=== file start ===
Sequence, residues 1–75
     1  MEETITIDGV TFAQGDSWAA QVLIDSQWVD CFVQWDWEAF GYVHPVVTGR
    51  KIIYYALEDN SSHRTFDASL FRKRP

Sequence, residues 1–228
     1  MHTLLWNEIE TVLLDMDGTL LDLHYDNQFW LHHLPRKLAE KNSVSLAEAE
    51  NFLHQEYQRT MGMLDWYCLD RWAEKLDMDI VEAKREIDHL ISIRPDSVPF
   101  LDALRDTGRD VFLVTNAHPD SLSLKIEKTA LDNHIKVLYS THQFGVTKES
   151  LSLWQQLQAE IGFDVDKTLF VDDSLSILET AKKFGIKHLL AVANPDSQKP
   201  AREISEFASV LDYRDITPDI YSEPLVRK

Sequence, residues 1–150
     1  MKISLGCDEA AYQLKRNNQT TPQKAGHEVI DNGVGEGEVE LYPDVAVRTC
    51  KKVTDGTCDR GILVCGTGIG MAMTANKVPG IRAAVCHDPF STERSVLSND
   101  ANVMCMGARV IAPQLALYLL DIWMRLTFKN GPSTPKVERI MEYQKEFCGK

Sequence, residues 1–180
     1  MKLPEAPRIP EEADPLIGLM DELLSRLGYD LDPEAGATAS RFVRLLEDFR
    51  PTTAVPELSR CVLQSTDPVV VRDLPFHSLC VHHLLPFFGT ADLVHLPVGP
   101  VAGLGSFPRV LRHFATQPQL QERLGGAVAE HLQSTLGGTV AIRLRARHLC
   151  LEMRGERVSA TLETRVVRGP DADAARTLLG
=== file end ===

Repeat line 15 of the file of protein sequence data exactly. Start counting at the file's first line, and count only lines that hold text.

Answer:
     1  MKLPEAPRIP EEADPLIGLM DELLSRLGYD LDPEAGATAS RFVRLLEDFR